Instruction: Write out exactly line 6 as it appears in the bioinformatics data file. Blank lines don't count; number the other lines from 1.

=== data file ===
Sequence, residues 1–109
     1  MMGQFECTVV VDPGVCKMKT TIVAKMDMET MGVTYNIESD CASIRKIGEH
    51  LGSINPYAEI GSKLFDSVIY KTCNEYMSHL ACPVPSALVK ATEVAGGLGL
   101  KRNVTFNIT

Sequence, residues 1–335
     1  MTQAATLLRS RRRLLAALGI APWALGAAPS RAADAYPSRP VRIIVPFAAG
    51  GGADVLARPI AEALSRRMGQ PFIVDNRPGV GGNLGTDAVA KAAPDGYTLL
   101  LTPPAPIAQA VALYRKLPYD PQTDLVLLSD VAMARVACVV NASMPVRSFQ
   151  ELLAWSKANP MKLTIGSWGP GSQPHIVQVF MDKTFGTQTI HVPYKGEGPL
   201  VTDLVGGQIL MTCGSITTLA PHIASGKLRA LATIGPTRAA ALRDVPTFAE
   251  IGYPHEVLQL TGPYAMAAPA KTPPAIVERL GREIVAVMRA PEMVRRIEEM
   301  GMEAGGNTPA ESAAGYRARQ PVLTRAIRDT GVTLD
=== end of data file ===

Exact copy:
     1  MTQAATLLRS RRRLLAALGI APWALGAAPS RAADAYPSRP VRIIVPFAAG